Guest post by Christopher Miller
I was down in Australia for the first half of the year, living off the grid for a few months climbing at Mt. Arapiles and the Grampians. One of my close friends/climbing partners, Mike Dobie, dropped me a line about teaming up for some alpine big wall climbing up in China/Tibet later that year along with climber/photographer Garrett Bradley. Stellar virgin rock in a picturesque setting with two of my best buds – it didn’t take much convincing for me to jump on board.
The transit there was long and tiring, though the views were amazing. At one point we were climbing a small pass when we caught a perfect rainbow arcing directly over a smoke stack polluting the beautiful countryside – a powerful juxtaposition and casual reminder of the impact humans can have on the environment.
When we finally arrived, we were greeted by the magnificent yet intimidating sight of the massive granite walls of Jar Jin Ja Bo. We set up basecamp in the Buddhist monastery nestled in the main valley beneath the cliffs. We organized our gear and food, then set off to the neighboring valley where we built our advanced basecamp, home for the next week.
We spent the next two days looking through binoculars and scrutinizing a photo of the wall to sort out a potential line. From our basecamp to the base of the wall was about a two-hour approach – uphill over rocky terrain and loose scree. We were aiming for a single day push of the wall. Our first push to summit was unsuccessful thanks to an unpredicted hailstorm. We waited at a hanging belay for some time in an effort to ride out the storm in hopes that it would subside. Eventually we came to the realization that the storm was not letting up soon and we were forced to bail off the wall and retreat back to basecamp.
We rested for two days before giving another push, hopefully reaching the summit this time. We got up at 4am, typical alpine start. There was moisture in the air, but we were anxious to get back on the wall. We were about a half hour from the base of the wall when it began to drizzle, yet we were determined not to let the rain kill our psyche. When we finally arrived at the base of the climb the rain had slowed down but the climb was still wet. We needed to wait for the rock to dry so we set up a makeshift shelter to out of a tarp, some trekking poles, and two boulders. We got comfy, and prayed that the rain was done and sunshine and a light breeze was on the way. After about an hour, maybe two, the rock began to dry. We wasted no time and got right on the wall as soon as we could.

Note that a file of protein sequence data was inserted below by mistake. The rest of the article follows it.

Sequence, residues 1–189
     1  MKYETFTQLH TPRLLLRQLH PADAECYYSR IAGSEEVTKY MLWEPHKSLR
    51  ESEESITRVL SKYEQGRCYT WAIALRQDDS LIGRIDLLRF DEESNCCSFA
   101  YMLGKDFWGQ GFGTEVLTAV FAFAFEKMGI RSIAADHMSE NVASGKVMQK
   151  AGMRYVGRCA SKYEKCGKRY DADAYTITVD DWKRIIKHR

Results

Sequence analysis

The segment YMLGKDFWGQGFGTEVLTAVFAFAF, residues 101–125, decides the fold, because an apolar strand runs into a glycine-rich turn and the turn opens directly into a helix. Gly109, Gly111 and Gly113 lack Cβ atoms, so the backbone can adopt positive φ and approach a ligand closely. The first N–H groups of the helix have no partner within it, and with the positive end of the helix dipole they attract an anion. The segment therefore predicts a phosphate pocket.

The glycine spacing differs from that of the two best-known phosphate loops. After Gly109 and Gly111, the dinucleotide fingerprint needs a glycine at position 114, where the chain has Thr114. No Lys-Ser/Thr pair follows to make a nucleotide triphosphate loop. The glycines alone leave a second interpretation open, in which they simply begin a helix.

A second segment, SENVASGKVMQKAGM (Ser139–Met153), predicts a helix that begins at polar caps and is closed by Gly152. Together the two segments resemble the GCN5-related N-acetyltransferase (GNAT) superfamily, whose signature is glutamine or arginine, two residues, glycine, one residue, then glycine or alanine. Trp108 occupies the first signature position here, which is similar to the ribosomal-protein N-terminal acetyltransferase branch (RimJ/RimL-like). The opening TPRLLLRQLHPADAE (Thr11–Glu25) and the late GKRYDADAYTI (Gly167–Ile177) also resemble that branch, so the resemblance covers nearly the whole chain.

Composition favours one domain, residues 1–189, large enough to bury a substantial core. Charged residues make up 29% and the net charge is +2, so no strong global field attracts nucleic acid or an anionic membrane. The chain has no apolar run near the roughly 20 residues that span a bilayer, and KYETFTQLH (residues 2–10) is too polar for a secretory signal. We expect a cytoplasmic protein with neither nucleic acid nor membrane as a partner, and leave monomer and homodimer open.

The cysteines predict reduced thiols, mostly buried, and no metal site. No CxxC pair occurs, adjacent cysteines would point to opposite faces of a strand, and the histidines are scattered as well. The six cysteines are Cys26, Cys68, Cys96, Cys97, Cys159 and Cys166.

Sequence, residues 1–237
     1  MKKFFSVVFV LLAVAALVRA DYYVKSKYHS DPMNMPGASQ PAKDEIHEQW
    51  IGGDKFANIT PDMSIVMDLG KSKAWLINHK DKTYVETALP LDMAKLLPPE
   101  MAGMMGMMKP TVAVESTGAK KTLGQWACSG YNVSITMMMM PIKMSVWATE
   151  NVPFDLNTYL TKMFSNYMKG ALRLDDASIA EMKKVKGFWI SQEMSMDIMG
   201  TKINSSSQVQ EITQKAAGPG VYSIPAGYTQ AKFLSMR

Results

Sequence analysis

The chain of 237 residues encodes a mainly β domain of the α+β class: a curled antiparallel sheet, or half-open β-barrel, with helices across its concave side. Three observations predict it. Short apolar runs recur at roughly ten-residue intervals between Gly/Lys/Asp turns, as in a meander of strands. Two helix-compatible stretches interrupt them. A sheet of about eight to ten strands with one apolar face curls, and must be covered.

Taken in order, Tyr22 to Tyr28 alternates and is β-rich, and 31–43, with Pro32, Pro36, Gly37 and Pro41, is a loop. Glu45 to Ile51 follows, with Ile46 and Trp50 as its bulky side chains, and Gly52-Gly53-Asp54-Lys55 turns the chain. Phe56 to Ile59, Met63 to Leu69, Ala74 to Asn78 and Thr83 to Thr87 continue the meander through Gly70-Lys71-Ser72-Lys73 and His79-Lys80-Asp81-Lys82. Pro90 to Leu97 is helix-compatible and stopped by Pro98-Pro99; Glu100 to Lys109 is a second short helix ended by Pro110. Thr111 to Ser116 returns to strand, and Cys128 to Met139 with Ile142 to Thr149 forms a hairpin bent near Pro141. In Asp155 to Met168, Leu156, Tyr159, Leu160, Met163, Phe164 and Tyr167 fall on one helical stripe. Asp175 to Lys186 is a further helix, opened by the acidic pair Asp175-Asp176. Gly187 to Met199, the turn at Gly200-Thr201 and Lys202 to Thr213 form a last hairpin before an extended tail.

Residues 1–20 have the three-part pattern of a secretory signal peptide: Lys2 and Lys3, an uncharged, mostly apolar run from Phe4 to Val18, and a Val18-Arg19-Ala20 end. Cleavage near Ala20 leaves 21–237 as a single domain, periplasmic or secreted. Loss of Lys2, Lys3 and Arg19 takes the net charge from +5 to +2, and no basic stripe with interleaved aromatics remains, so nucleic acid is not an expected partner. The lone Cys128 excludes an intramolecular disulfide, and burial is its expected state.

We quickly reached our previous high point and continued to push on, trying to make up for our late start due to the rain. As we neared the summit, the exhaustion started to kick in. Pushing yourself physically at high elevation is taxing on the body, each pitch felt like two or three. Sore, bloody, and tired we eventually reached the final pitch of the climb. Garrett led this one and was the first to take in the magnificent view from the summit – .which sat at approx. 5300m / 17388ft. As I pulled over the final bulge and scrambled up the last few blocks to the belay, I felt like I was about to collapse. Once I turned around, however, it all made sense. The view was incredible, no photo or words could do it justice. We took a few minutes to admire the view before we got to work and began our descent. The sun was starting to set and we still had a few hours until we’d be back down at basecamp. We rappelled down, hand drilling bolts to rap off of when nut placements weren’t available. Once we were back on the ground my legs felt like jelly, which made the one and a half hour scramble over sleep slopes of loose rock and talus fields quite interesting. At 12:20am we arrived back at basecamp, whipped up some celebratory instant noodles and passed out, still riding the high of our successful ascent and our full body (and mind) exhaustion. It wasn’t until we arrived back down at the Buddhist Monastery a few days later that I was able to fully reflect on the climb. We don’t climb for fame or money, we climb because we love it. Putting our physical and mental limits to the test and going for it. It’s a way of interacting with nature to discover and challenge yourself, it’s truly a remarkable thing.